1996 J. Disp. Resol. 67 (1996)
Crisis Intervention for Legal Counselors

handle is hein.journals/jdisres1996 and id is 73 raw text is: Crisis Intervention
for Legal Counselors
Brian Easton'
I. INTRODUCTION
Day-dreaming about financial success, family life, health issues, or an
upcoming vacation while driving a car can be an irreversible mistake. A blur that
appears on the right side, can within seconds be followed by a forced impact that
rotates the car into the guardrail and a world that spins out of control. The next
memory will not be of financial prowess or an exciting summer vacation, but of
scattered images of doctors, family, and excruciating pain. When the ordeal is
over, the tragedy begins as the loss of mobility confines the a hopeful person to
a wheel chair and a life with restraints.
Farfetched?  Perhaps, but tragedy and crisis strike the unexpected and
unprepared. For some time the crisis may be nothing more than a simple
disagreement between a husband and a wife over an unannounced Internal
Revenue Service audit. For others, it may be the bonus not received or an
expectedpromotion given to a less qualified employee. Crisis strikes at the heart
strings of life and is an unwelcome visitor that lingers to inflict a tailor-made
personal trial. What is the response of the victim? For the optimist it is a
refiner's response that ennobles the sufferer, yet for the realist it carries seeds of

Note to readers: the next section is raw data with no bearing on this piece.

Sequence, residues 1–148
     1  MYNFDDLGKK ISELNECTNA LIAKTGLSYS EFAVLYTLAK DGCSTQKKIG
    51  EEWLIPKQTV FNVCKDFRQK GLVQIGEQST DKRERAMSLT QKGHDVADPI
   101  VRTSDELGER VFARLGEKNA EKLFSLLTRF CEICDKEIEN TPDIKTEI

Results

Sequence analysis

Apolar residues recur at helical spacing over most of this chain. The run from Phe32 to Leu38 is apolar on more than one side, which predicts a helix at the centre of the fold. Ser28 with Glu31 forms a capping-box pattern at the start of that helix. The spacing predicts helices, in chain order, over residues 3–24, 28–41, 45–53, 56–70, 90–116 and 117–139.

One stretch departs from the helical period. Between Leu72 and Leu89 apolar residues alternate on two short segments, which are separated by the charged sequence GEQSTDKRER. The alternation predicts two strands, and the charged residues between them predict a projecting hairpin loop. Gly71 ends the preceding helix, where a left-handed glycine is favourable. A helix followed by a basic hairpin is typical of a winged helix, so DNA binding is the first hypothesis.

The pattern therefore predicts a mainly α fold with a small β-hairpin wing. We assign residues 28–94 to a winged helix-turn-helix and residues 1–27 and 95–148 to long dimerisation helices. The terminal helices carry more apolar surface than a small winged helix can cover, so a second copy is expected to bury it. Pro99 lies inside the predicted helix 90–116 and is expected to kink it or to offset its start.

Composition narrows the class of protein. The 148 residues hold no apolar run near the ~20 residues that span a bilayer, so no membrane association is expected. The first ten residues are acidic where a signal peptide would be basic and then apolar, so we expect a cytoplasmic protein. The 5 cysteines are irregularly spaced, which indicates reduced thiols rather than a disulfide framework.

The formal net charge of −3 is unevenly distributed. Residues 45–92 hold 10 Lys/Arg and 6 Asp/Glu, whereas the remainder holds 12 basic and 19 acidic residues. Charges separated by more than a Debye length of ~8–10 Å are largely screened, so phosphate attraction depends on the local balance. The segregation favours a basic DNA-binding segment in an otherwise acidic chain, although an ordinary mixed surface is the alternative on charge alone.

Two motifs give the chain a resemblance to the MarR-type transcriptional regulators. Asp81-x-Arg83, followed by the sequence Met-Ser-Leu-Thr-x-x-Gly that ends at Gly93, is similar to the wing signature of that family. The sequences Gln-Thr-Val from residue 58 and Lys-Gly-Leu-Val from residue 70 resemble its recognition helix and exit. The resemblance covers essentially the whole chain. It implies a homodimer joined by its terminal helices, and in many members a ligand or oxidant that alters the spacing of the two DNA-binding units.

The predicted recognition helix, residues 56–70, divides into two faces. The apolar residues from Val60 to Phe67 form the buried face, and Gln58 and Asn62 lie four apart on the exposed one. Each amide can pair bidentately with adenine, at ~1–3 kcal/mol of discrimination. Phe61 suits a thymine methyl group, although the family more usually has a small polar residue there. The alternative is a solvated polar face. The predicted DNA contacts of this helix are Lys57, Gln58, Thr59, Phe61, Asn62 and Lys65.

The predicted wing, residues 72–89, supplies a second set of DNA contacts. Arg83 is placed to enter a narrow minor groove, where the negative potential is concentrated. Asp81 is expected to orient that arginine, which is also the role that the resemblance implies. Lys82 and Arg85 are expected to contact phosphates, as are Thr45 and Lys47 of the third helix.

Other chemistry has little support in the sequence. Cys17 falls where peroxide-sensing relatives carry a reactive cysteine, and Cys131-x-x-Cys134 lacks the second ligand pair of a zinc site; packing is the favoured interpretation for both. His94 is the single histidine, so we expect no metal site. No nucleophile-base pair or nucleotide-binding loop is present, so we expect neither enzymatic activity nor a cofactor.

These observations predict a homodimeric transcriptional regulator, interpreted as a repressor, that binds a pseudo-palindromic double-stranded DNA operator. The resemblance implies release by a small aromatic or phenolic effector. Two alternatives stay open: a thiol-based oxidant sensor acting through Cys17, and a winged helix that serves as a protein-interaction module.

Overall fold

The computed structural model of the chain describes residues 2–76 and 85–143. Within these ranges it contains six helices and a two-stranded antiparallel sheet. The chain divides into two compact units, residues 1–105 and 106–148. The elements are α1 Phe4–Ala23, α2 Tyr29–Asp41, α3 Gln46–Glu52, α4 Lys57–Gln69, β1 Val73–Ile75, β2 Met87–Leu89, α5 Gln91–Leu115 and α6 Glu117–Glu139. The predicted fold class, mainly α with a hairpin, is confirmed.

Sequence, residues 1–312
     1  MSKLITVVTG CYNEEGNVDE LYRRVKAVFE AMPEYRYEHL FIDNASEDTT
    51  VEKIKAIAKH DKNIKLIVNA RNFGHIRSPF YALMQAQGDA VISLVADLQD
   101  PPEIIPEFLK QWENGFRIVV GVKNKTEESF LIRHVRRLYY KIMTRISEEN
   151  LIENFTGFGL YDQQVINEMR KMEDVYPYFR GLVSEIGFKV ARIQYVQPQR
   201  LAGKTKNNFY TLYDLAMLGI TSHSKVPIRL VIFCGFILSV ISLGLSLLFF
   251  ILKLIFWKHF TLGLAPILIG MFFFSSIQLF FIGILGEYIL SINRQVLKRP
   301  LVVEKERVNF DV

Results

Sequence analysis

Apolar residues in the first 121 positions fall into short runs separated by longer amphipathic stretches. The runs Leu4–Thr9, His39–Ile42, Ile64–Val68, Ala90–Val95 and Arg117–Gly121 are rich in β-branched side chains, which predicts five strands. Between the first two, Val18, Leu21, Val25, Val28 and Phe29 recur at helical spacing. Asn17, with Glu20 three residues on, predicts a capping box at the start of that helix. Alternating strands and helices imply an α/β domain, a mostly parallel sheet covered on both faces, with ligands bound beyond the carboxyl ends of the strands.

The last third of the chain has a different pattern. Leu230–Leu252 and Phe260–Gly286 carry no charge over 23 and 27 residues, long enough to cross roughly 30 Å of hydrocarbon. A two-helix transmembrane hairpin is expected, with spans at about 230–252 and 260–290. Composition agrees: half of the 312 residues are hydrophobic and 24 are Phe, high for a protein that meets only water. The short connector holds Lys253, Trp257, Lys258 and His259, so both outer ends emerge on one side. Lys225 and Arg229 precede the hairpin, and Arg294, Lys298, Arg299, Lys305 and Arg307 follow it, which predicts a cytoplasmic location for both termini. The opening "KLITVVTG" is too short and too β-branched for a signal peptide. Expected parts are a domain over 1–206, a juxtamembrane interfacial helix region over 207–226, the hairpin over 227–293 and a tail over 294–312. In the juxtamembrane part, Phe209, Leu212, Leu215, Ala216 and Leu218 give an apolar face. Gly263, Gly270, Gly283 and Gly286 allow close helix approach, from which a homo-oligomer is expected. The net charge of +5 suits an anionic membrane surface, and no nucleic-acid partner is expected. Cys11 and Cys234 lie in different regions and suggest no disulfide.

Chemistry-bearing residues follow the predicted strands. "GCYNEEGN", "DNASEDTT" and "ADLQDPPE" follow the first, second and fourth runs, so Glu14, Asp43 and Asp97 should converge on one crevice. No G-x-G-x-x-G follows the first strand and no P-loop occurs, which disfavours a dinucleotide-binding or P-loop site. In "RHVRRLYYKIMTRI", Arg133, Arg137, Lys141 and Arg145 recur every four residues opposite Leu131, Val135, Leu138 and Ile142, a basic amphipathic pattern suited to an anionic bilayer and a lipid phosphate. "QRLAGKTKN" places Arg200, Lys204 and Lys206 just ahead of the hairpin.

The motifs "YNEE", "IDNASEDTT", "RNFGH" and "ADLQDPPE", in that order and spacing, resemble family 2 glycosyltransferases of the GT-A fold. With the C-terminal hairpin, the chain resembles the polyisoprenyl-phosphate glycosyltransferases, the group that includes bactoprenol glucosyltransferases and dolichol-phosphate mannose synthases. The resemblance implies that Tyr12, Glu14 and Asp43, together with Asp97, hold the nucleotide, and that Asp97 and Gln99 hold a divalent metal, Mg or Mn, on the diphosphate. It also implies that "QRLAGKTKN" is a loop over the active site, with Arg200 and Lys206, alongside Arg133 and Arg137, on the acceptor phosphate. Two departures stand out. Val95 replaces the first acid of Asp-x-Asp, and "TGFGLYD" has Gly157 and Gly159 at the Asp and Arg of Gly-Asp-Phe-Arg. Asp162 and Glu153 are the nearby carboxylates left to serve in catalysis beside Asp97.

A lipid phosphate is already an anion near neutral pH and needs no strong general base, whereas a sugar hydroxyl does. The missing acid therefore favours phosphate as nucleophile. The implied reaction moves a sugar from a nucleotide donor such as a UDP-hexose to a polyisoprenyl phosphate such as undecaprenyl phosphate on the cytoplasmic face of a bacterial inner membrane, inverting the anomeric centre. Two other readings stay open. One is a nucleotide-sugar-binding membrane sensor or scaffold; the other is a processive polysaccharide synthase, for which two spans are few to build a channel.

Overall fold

embitterment and depression.
Although crisis is experienced in some form by all people, few understand
the process and even fewer are willing to undergo the agony before growth can
be realized from such a disruptive experience. Through this article, the definition
of crisis and potential positive or negative reactions to crises are explored. This
article is written with the hope that readers will gain understanding of the stages
endured in crisis and knowledge of a sufferer's adaptive or maladaptive behavior.
Such knowledge would greatly benefit attorneys in their lawyer-client
relationships.
To assume clients phone for legal appointments with mere problems is to
negate the initial thrust that propels the need for legal advice. A crisis is often
this propelling factor, and an attorney must be able to understand, act from a
knowledgeable position, empathize and know the legal and nonlegal implications
facing the client. To be stationary, aloof, or combative when a client's situation
roars toward a crisis peak, is to fail as a legal counselor.

* The author is a graduate of Brigham Young University. He is currently employed at the Law
Offices of W. Douglas Easton.

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